Speaker John A. Boehner doesn't want to hear that Congress has been "historically unproductive."
"That's just total nonsense," Boehner said, cutting off a reporter before he could finish his question about how Congress has recently had fewer and fewer bills signed into law.
"Now listen: We made clear when we took over that we weren't going to be doing commemorative legislation on the floor," Boehner said. "In addition to that, most Americans think we have too many laws. What they want us to do is repeal more of those. So I reject the premise to the question. We got a big job to do here. We need to stay focused on those things that are most important to the American people."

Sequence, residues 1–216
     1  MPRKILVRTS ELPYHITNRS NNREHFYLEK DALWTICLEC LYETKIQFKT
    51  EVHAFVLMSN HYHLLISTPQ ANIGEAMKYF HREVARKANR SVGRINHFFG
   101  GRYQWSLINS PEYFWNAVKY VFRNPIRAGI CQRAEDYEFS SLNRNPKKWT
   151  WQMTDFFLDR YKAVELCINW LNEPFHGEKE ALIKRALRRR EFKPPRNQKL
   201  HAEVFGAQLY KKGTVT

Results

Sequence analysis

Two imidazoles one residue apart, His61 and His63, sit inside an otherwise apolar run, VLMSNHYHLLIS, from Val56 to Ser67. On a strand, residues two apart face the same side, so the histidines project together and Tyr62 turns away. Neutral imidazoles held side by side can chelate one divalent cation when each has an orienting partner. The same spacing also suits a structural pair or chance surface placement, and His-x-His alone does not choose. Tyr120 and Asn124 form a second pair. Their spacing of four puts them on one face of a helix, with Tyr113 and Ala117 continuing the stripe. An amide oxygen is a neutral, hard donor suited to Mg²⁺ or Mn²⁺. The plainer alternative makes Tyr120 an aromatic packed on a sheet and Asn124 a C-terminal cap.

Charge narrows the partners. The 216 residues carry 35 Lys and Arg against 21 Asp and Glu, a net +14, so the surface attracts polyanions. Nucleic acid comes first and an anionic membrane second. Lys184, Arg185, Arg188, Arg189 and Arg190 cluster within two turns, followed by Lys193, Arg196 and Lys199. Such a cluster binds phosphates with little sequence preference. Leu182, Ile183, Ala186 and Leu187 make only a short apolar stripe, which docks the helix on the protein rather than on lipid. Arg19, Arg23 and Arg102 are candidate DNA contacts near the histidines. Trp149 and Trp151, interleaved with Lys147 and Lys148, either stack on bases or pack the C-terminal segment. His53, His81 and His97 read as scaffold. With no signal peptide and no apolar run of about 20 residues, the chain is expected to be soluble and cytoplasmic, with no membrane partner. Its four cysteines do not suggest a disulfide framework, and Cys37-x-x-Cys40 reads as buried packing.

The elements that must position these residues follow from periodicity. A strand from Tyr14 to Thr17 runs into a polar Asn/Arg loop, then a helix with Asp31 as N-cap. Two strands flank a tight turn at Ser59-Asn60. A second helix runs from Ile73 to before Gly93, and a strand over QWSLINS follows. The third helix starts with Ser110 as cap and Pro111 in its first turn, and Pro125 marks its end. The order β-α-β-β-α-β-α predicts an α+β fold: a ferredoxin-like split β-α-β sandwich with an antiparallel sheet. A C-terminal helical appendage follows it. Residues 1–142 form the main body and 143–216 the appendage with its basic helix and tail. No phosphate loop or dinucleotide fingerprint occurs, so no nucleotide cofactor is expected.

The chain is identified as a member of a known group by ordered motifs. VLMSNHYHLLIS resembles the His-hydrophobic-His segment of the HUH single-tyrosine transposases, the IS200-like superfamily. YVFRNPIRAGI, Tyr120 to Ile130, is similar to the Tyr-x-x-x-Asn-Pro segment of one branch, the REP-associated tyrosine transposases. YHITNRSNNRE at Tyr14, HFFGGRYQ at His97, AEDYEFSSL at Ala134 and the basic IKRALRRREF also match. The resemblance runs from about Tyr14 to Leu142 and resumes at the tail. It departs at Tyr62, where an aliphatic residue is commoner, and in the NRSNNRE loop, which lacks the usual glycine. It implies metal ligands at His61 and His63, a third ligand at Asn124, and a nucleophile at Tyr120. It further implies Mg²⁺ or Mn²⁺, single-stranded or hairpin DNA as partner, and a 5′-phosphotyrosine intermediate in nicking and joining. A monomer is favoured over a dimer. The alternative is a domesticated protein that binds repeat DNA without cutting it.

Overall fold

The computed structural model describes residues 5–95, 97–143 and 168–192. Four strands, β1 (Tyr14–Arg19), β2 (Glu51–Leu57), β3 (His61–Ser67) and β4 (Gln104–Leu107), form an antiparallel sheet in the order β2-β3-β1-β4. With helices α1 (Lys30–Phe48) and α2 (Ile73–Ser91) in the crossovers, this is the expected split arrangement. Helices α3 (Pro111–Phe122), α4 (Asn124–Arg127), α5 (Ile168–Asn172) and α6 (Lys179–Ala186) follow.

The Ohio Republican vowed when he took office that the House would not fill its time with post office naming bills or other insignificant measures that Congress rubber-stamps and the president auto-pens.
"The metrics used to hold Congress accountable are often flawed," Boehner said in his 2010 Pledge to America. "Rather than using the scale of how well elected representatives represent the views of the people, the scale is often currently measured in bills passed, dollars spent and programs created."
The Huffington Post recently charged that the 113th Congress is on pace to be the least productive Congress in history; it says the 112th Congress is the least productive because it had the fewest number of bills signed into law.